Copies of all spectra and ESI-HRMS (Figures S1–S6) are provided in the Supplementary Materials file.

Supplementary Materials

Copies of 1H-, 13C-NMR, IR, UV and HRMS spectra are available online.

Author Contributions

Conceptualization, N.E.G. and L.G.V.; methodology, N.E.G. and A.S.G.; investigation, A.S.G.; writing–original draft preparation, N.E.G.; writing–review and editing, A.S.G. and L.G.V.; funding acquisition, N.E.G. All authors have read and agreed to the published version of the manuscript.


This work has been funded by the Russian Foundation for Basic Research (project № 19-03-00502 a).

Conflicts of Interest

The authors declare no conflict of interest.


  1. Lauder, K.; Toscani, A.; Scalacci, N.; Castagnolo, D. Synthesis and Reactivity of Propargylamines in Organic Chemistry. Chem. Rev. 2017, 117, 14091–14200. [Google Scholar] [CrossRef] [PubMed]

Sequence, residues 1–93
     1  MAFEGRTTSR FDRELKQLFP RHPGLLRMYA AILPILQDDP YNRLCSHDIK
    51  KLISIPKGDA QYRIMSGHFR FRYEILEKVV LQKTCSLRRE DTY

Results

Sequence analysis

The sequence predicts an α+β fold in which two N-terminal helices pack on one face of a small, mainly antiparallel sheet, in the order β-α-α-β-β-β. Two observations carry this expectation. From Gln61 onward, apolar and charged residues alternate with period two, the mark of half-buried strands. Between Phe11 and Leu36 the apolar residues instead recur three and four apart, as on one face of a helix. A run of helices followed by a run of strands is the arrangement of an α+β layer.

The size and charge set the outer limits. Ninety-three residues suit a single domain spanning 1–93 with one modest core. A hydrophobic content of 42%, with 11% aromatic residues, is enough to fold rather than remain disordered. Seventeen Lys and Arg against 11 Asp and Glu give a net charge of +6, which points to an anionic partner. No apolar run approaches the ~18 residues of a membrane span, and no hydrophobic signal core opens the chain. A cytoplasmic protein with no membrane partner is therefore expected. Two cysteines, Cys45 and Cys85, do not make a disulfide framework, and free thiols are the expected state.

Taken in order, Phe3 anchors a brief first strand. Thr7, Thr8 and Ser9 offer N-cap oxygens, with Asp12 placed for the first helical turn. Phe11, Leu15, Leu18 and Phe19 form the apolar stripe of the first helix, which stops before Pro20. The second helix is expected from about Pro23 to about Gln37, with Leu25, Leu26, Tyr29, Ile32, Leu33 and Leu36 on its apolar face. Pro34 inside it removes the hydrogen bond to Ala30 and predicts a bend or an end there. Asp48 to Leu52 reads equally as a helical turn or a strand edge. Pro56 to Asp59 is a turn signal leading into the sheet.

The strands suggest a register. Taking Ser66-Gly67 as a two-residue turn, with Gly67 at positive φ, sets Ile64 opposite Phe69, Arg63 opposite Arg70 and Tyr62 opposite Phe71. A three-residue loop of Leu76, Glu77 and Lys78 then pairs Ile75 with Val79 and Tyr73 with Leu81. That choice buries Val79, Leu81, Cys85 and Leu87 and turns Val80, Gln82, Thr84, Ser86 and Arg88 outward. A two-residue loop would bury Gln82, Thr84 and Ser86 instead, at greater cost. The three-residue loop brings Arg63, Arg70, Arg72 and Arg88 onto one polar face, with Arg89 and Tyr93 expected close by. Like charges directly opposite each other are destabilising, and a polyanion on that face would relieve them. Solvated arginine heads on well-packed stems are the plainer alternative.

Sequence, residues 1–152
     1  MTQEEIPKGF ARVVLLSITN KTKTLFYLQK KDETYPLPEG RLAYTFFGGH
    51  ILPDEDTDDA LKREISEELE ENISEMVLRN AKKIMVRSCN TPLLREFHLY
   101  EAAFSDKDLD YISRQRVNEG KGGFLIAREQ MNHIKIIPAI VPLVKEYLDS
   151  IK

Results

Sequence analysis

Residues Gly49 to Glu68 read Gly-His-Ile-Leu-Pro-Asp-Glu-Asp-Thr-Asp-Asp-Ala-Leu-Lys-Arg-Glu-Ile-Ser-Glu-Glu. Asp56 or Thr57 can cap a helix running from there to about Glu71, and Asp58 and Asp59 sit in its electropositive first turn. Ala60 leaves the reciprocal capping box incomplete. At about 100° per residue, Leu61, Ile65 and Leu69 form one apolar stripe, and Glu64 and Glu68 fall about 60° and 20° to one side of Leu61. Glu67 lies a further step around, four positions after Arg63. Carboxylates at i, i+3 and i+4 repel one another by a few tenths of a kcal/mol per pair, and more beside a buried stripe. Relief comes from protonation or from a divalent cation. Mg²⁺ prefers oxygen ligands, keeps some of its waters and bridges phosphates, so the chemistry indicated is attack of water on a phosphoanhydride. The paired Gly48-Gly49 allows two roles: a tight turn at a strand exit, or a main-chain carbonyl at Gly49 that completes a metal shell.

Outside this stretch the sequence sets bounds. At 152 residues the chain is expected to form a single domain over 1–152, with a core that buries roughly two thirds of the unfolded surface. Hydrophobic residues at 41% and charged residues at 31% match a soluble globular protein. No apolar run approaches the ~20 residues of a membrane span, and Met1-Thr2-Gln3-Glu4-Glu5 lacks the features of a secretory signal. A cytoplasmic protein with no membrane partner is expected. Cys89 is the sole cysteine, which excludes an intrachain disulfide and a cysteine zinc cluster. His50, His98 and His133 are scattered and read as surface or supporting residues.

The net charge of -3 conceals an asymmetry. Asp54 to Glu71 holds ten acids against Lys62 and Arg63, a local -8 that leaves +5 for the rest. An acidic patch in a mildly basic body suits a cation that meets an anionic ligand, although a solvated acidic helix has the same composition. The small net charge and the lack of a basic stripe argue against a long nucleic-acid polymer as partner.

2. Zhang, B.; Wang, T. Gold-Catalyzed Transformations of Propargyl Alcohols and Propargyl Amines. Asian J. Org. Chem. 2018, 7, 1758–1783. [Google Scholar] [CrossRef]
  3. Sheng, X.; Chen, K.; Shi, C.; Huang, D. Recent Advances in Reactions of Propargylamines. Synthesis 2020, 52, 1–20. [Google Scholar] [CrossRef]
  4. Cossy, J.; Poitevin, C.; Sallé, L.; Gomez Pardo, D. The Thermal Rearrangement of N-Alkyl-N-Vinylpropargylamines into 2-Methylpyrroles. A New Synthesis of Annulated[b]Pyrroles. Tetrahedron Lett. 1996, 37, 6709–6710. [Google Scholar] [CrossRef]
  5. Minnihan, E.C.; Colletti, S.L.; Toste, F.D.; Shen, H.C. Gold(I)-catalyzed regioselective cyclizations of silyl ketene amides and carbamates with alkynes. J. Org. Chem. 2007, 72, 6287–6289. [Google Scholar] [CrossRef] [PubMed]